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DICKERSON v. COMMONWEALTH


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DICKERSON

v.

COMMONWEALTH


MARCH 6, 2001

Record No. 0090-00-1

Present: Chief Judge
Fitzpatrick, Judges Benton and Clements

Argued at Chesapeake,
Virginia

HAROLD KENNETH DICKERSON,
III

v.

COMMONWEALTH OF VIRGINIA

FROM THE CIRCUIT COURT OF
THE CITY OF PORTSMOUTH

Dean W. Sword, Jr., Judge


MEMORANDUM OPINION[1] BY JUDGE JEAN HARRISON CLEMENTS

Joseph P. Winston (Elwood
Earl Sanders, Jr., Appellate Defender;Public Defender
Commissioner, on brief), for appellant.

Amy L. Marshall, Assistant
Attorney General

(Mark L. Earley, Attorney
General, on brief), for appellee.

Appellant Harold Kenneth
Dickerson, III, was convicted in a bench trial of two counts of
statutory burglary in violation of Code ? 18.2-91 and two
counts of grand larceny in violation of Code ? 18.2-95. On
appeal, he contends (1) the evidence was not sufficient to
sustain the convictions and (2) the trial court erred in applying
the "recent possession inference" as a mandatory
presumption. We disagree and affirm the convictions.

As the parties are fully
conversant with the record in this case and because this
memorandum opinion carries no precedential value, this opinion
recites only those facts necessary to a disposition of this
appeal. 

A.
SUFFICIENCY OF THE EVIDENCE

When the sufficiency of the
evidence is challenged on appeal, we review the evidence "in
the light most favorable to the Commonwealth, granting to it all
reasonable inferences fairly deducible therefrom." Bright
v. Commonwealth
, 4 Va. App. 248, 250, 356 S.E.2d 443, 444
(1987). We may not disturb the conviction unless it is plainly
wrong or unsupported by the evidence. Sutphin v. Commonwealth,
1 Va. App. 241, 243, 337 S.E.2d 897, 898 (1985). We are further
mindful that the "credibility of a witness, the weight
accorded the testimony, and the inferences to be drawn from
proven facts are matters solely for the factfinder’s
determination." Keyes v. City of Virginia Beach,
16 Va. App. 198, 199, 428 S.E.2d 766, 767 (1993).

Dickerson contends that the
evidence was insufficient to support his larceny and burglary
convictions because there was no evidence that he broke into
either victim’s home and stole property. According to him, the
evidence merely showed that he was later in possession of some of
the missing goods of each victim. He was, he argues, in both
instances, nothing more than an innocent and unknowing dupe.

"At common law, larceny
is the taking and carrying away of the goods and chattels of
another with intent to deprive the owner of the possession
thereof permanently." Lund v. Commonwealth, 217 Va.
688, 691, 232 S.E.2d 745, 748 (1977). Code ? 18.2-95
provides that grand larceny includes "larceny not from the
person of another of goods and chattels of the value of $200 or
more." Furthermore, "the unexplained possession of
recently stolen goods permits an inference of larceny by the
possessor." Bright, 4 Va. App. at 251, 356 S.E.2d at
444. In other words, "’[p]ossession of goods recently stolen
is prima facie evidence of guilt of the crime of
larceny, and throws upon the accused the burden of accounting for
that possession.’" Hope v. Commonwealth, 10 Va. App.
381, 385, 392 S.E.2d 830, 833 (1990) (en banc)
(quoting Fout v. Commonwealth, 199 Va. 184, 190, 98 S.E.2d
817, 821 (1957)). For the larceny inference to arise, the
Commonwealth must prove that the accused was in exclusive
possession of the recently stolen property. Best v.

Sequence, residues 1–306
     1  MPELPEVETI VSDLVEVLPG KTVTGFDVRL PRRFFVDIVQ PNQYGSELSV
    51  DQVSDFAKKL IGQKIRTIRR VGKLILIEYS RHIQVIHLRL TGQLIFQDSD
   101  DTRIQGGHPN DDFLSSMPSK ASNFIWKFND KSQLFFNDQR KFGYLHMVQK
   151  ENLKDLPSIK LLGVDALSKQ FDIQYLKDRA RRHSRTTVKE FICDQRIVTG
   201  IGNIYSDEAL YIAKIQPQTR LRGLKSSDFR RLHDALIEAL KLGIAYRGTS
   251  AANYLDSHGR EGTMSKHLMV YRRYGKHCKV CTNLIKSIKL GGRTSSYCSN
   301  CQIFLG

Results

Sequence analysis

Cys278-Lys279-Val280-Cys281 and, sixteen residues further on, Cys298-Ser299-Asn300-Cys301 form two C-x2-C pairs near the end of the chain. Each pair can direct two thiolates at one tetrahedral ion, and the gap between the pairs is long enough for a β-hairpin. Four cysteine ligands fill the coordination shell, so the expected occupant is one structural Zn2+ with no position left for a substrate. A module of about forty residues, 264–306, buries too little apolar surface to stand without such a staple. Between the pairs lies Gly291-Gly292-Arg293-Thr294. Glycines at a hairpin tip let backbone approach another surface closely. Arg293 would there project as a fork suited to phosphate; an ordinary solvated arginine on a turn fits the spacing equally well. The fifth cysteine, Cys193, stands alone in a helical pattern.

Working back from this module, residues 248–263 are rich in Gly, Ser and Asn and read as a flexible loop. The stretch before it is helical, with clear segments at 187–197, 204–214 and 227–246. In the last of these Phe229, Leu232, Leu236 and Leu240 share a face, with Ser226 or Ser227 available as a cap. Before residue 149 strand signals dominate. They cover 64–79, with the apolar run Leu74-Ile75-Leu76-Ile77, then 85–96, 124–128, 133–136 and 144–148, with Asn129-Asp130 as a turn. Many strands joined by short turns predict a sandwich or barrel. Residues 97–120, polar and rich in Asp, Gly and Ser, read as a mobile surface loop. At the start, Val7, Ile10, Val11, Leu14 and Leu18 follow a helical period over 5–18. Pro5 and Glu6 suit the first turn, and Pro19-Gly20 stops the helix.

Commonwealth
, 222 Va. 387, 389, 282 S.E.2d 16, 17 (1981).

In a burglary prosecution,
the Commonwealth can establish a violation of Code
? 18.2-91 by "(1) proving that goods were stolen from
a house which was broken into; (2) justifying the inference that
both offenses were committed at the same time, by the same
person, as part of the same criminal enterprise; and (3) proving
that the goods were found soon thereafter in the possession of
the accused." Bright, 4 Va. App. at 251, 356 S.E.2d
at 444. The unexplained or falsely denied exclusive possession of
stolen goods shortly after the burglary "has the same
efficiency to give rise to an inference that the possessor is
guilty of the breaking and entering as to an inference that he is
guilty of the larceny." Drinkard v. Commonwealth, 163
Va. 1074, 1083, 178 S.E. 25, 28 (1935).

To prove beyond a reasonable
doubt that the possession of the stolen property was exclusive,
the Commonwealth’s evidence must show "that the accused was
consciously asserting at least a possessory interest in the
stolen property, or was exercising dominion over the stolen
property." Best, 222 Va. at 389, 282 S.E.2d at 17.

In this case, Dickerson does
not dispute on appeal that the Commonwealth’s evidence was
sufficient to establish that the two victims’ homes were broken
into without the permission of the victims. Likewise, he does not
dispute that the evidence was sufficient to show that, in each
instance, a larceny occurred as a result of the break-in and that
both offenses were committed, in each instance, at the same time,
by the same person, as part of the same criminal enterprise.
Rather, Dickerson argues solely that his recent possession of the
stolen items belonging to the victims was not sufficient evidence
to show he committed the burglaries and larcenies. The issue,
then, is whether it was proper for the trial court to infer guilt
from Dickerson’s recent possession of the stolen goods.

Here, there is no direct
evidence that links Dickerson to the burglaries of the homes and
larcenies of the stolen jewelry. However, the evidence did
establish that on March 1, 1999, LoAnn Murray’s home in
Portsmouth was broken into and her jewelry was taken. On March 3,
1999, Dickerson, along with another man and woman, went to the
Castle Coins and Jewelry store in Chesapeake to sell some